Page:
Is Facebook the New Television?

Television has long been the dominant medium when it comes to brand advertising. While this remains the case today, big brand advertisers are slowly but surely moving their ad dollars  to social media.

The primary beneficiary of this shift is, of course, Facebook, the 800-pound gorilla of social media. But as we at ReveNews have observed over the past several months, major advertisers have been questioning  the advertising effectiveness of the giant social network.

You Have to Be There – But You Don’t Have to Pay for It

Finally, it seems, marketers have made up their minds about Facebook: For the most part, they see it as a necessary addition to their marketing strategy, but not necessarily something they have to pay for. According to a new survey of brand marketers and agencies conducted by industry publication Ad Age in conjunction with Citigroup, 86 percent currently use Facebook for marketing, but only 55 percent currently advertise on the social network. Almost 88 percent say they would consider implementing content on Facebook without ads.

Just as interesting is the respondents’ answer to this question: “How useful is Facebook overall in driving purchase intent?” Over 13 percent said “Not useful” while 19 percent answered “Don’t know.” That means about one-third of marketers and their agencies aren’t convinced Facebook is a true influencer of sales.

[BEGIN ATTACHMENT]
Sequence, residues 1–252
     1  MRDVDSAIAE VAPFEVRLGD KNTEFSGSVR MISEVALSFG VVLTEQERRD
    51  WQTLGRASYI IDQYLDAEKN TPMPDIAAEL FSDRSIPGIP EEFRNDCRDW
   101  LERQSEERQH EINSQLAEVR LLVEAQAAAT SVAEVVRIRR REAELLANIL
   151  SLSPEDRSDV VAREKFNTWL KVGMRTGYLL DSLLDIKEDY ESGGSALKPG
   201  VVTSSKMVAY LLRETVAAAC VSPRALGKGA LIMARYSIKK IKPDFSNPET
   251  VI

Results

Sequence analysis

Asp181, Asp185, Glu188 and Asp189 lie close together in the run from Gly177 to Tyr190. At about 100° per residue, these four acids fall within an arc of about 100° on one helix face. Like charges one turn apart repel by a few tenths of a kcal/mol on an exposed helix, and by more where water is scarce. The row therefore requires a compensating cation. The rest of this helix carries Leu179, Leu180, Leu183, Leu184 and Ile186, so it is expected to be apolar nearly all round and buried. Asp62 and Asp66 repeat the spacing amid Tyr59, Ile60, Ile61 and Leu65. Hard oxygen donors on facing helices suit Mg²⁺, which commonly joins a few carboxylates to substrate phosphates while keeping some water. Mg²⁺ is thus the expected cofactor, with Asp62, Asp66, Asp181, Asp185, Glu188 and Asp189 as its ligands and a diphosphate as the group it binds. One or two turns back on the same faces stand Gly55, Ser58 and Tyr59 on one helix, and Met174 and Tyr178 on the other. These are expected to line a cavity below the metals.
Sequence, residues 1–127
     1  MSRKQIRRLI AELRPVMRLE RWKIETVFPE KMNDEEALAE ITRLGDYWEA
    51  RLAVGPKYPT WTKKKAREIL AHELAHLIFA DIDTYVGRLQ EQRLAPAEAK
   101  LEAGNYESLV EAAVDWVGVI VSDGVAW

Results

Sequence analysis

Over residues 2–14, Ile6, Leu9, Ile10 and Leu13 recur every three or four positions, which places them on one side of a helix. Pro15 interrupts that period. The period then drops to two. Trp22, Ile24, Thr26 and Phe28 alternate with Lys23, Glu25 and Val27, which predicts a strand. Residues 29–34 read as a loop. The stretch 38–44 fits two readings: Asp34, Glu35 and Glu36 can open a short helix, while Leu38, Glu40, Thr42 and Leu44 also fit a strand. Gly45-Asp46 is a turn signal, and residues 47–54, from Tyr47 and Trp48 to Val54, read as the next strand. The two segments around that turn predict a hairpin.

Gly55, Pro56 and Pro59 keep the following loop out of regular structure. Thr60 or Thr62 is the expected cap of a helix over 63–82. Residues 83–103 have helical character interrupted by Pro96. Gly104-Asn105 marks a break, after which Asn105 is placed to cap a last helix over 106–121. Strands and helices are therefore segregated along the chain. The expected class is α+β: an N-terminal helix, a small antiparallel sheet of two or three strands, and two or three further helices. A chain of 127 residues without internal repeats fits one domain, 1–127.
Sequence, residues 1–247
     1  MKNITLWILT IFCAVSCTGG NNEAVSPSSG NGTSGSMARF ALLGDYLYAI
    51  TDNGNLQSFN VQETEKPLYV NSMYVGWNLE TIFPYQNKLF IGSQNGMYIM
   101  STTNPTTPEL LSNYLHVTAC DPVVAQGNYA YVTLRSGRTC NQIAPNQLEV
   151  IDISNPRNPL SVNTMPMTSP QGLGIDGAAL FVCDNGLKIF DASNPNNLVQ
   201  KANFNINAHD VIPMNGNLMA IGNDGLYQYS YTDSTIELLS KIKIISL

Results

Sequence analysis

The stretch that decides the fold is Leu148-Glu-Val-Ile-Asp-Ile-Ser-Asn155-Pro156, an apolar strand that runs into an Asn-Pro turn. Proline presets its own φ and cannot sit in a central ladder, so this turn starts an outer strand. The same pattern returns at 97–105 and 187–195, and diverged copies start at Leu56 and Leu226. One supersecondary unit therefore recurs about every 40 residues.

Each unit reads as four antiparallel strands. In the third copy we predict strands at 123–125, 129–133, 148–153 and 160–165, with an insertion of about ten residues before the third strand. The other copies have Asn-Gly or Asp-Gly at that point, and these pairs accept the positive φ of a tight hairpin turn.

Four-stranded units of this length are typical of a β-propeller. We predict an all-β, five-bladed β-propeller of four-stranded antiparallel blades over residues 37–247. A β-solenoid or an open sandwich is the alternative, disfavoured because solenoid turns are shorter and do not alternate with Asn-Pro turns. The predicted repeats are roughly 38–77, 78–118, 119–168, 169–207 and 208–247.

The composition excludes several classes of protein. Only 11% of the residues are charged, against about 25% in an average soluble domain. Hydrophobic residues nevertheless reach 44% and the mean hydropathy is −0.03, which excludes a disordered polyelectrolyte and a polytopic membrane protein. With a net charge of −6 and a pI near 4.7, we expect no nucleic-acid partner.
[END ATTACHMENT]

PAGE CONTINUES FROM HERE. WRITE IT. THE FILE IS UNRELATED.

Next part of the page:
It’s About Awareness

Here’s where Facebook begins to look a lot like television, at least from a brand advertiser’s perspective. When asked, “What is your primary goal in Facebook advertising?” almost half (45.9 percent) of the survey respondents answered “Build awareness and sentiment for my brand.” The second most-mentioned goal was “Driving traffic to my website,” with 17.6 percent of respondents indicating its prime importance. Third most important, perhaps surprisingly, was “Build fans or ‘likes’” (12.1 percent), followed closely by “To stay in touch with my customers” (11.9 percent).

The response to this question seems to indicate pretty definitively that brand marketers who use Facebook for advertising have no false expectations about what their Facebook ads can accomplish. As with television, advertisers now perceive Facebook primarily as an awareness medium.

In fact, according to Ad Age:

 “Facebook’s pitch to the world’s biggest consumer marketers is that it’s a branding platform like TV, and it’s been urging them to focus less on metrics such as click-through rates and more on reach and ‘resonance.’ The fact that a plurality of survey respondents said brand awareness was their top goal might mean that Facebook’s message is sinking in, leading marketers away from expecting immediate results up front.”

Content is Still King

The big challenge for brand marketers, and for Facebook itself, is to find the magic formula that combines free content and paid media to have the largest impact on consumers. With a platform like Facebook, this immediately raises the specter of advertising disguised as content. If traditional ads are not what brand advertisers want to buy, Facebook will find something else to sell them, like its “sponsored stories.” Here’s what Los Angeles Times columnist Michael Hiltzik has to say about that: